But, how many of these minimum wage workers are also working on weekends, on holidays. Why is it that people think voting turn out would be any different? And we do have absentee voting as well as early voting now. Again, who is it that is not voting that would magically appear if voting day was a holiday or on a Saturday? Maybe the people who are not voting already understand that most of what happens in government screws them, insults them and says it’s for their own good. Why bother voting for that?
And on that note, happy voting day. I do know who I am voting for. But, I’m curious where to rank Nosemarie, Clu, and Puff this year for St Paul mayor?
I’ll be putting Clu at the top of my ballot. Nose and Puff have both left is in the past 18 months, so they are no probably registered as DFL voters.
One of the few bits of “good” news from the Sutherland Springs mcaassacre is that it was ended by a Good Guy with a Gun.
Details are coming out now – Stephen Willeford responded to the shooting with his AR15, fired a shot that apparently found a gap in Kelley’s body army, and seized the initiative:
Willeford is being hailed as a hero. His actions may well have stopped further bloodshed. Willeford is not a member of the church where the shooting took place, but he his daughter called him and told him there was a man in body armor shooting up the church
Willeford grabbed a rifle and answered the call. He found Kelley (above) outside of the church and shot him. The surprise caused Kelley to drop his rifle, and the shooter then ran to his own SUV and fled the scene.
Johnnie Langendorff was also responding. Langendorff picked up Willeford and the two gave chase. They followed Kelley in a high speed chase and eventually caused Kelley to lose control and run off the road. There, police say Kelley shot himself in the head.
This is, of course, exactly what law enforcement now knows about spree killers; resist them with lethal force, and they usually run, give up, kill themselves, or – as in this case – all three.
Just as we said.
First things first: Berg’s 18th Law is still in full effect; it’s been mere hours since a man murdered 27 people at Sutherland Springs Baptist Church, near San Antonio; anything you read in the media will be crap.
One thing we do know? Churches in Texas are “gun free zones”. Nobody in that church was legally authorized to carry a firearm to defend themselves or their fellow parishioners.
Like nearly all mass shootings, it took place in a “gun free zone”.
Just like David Lillehaug and Nancy Nord Bence like it.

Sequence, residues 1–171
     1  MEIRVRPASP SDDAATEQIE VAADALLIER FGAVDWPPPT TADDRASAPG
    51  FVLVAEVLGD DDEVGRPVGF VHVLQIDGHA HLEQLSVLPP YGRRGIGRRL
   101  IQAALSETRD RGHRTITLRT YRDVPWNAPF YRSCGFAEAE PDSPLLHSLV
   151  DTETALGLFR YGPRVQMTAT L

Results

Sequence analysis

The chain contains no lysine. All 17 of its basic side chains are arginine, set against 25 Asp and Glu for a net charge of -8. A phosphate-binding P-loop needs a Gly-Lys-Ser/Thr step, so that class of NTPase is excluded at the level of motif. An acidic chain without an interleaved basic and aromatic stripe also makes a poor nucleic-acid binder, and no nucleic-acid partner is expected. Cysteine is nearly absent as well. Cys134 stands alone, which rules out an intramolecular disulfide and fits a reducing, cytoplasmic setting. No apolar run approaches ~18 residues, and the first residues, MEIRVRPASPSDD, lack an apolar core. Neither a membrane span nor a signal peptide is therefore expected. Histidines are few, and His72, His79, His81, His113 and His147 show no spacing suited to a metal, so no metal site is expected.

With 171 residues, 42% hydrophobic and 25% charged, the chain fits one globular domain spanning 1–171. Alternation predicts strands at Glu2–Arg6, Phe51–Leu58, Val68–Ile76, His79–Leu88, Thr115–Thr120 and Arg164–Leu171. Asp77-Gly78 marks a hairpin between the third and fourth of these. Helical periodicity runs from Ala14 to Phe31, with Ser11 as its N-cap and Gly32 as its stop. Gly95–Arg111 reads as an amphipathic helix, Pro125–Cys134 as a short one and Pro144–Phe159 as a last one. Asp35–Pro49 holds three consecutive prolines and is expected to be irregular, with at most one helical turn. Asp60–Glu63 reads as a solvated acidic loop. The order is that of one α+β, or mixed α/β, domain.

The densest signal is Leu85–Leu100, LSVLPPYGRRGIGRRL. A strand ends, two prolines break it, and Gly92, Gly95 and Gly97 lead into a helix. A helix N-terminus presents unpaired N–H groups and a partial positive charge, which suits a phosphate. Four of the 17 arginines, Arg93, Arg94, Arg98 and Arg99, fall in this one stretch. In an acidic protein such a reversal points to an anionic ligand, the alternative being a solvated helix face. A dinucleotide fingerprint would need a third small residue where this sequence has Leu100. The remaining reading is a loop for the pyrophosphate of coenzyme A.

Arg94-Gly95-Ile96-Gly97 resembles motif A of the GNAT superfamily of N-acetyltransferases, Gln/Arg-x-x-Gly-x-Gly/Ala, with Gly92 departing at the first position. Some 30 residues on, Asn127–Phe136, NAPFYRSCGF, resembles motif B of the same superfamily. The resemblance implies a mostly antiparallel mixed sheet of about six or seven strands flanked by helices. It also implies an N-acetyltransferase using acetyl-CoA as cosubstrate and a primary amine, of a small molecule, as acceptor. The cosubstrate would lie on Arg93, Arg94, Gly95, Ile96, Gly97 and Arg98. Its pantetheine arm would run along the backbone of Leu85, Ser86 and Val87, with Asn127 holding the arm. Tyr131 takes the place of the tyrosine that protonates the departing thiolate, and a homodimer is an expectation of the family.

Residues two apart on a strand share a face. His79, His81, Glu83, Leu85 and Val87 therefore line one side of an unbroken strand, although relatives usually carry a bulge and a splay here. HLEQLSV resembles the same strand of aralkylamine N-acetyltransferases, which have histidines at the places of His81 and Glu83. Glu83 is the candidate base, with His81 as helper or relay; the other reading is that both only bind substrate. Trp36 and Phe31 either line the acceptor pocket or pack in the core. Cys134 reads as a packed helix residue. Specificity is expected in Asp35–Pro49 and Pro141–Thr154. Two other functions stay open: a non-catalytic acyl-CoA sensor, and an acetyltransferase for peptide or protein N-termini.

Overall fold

You post your property “no guns allowed?” I’m not going there. I’m not spending money, I’m not worshipping, I’m not saying “boo”. I will consider them a threat to my safety.
But Wait: What’s this that the mainstream media is pretty roundly ignoring about the attack? The shooter was himself shot by…
…an armed citizen:
Stephen Willeford managed to shoot Devin Kelley before jumping in another man’s truck and chasing him down, the Daily Mail reported.
Texas Department of Public Safety chief Freeman Martin said Willeford “grabbed his rifle and engaged the suspect” after Kelley left the First Baptist Church in Sutherland Springs, where he opened fire with an assault rifle and killed 26 people.
And just as law enforcement teaches about mass shootings these days – if you show a mass shooter any resistance, they usually break off the attack, and either give up or kill themselves.
The man who killed at least 26 people in a Baptist church in a rural Texas town on Sunday died of a self-inflicted gunshot wound, Wilson County Sheriff Joe Tackitt told CBS News in an interview on Monday morning.
Tackitt said gunfire was exchanged between the gunman and two armed citizens during a vehicle chase after the shootings.
The church was a gun-free zone – naturally. But the rest of Texas was not.
UPDATE 2: The USAF apparently neglected to report Kelley’s domestic conviction to the NICS – allowing him to buy the guns he used.
MInneapolis’ DFL is eating itself:
While this blog has endorsed Nekima Levy-Pounds, a Ray Dehn victory would serve about the same purpose.
Saint Paul reaches an “agreement” on
Cuban North Korean Sopranos-style trash collection.
After 14 months of negotiations, seven contract proposals and 10 drafts, St. Paul officials say they have reached an agreement for coordinated collection with the city’s 15 private waste haulers. The city council will vote on the contract next Wednesday and set rates the following week.
“This contract allows us to provide residents with efficient and equitable service at reasonable and uniform rates,”
The “Reasonable and uniform rate” is, naturally, about $5 a month higher than I’ve been paying for the past five years.
Which will, of course, help pay the salary of at least another DFL-union-dues-paying city employee.
Mayor Chris Coleman said in a written statement. “It also ensures that all current haulers will maintain their market share, which was one of my top priorities. It is the right direction for garbage collection in Saint Paul.”
Bobby Stewart, head of operations with Highland Sanitation, said while he and other haulers had been opposed to coordinated collection, “it is a plan that we can live with and shouldn’t endanger our ability to survive as a business.”
City officials say the proposal incorporates most — though not all — of their 17 goals, from implementing predictable rates and services to reducing the number of trucks on city streets.
Crime is rising. The city’s tax and employment bases are shrinking. The achievement gap is among the worst in the nation; the public schools are collapsing.
But hey, we’ve got “coordinated” trash collection.
Saint Paul city government; stupid and worthless.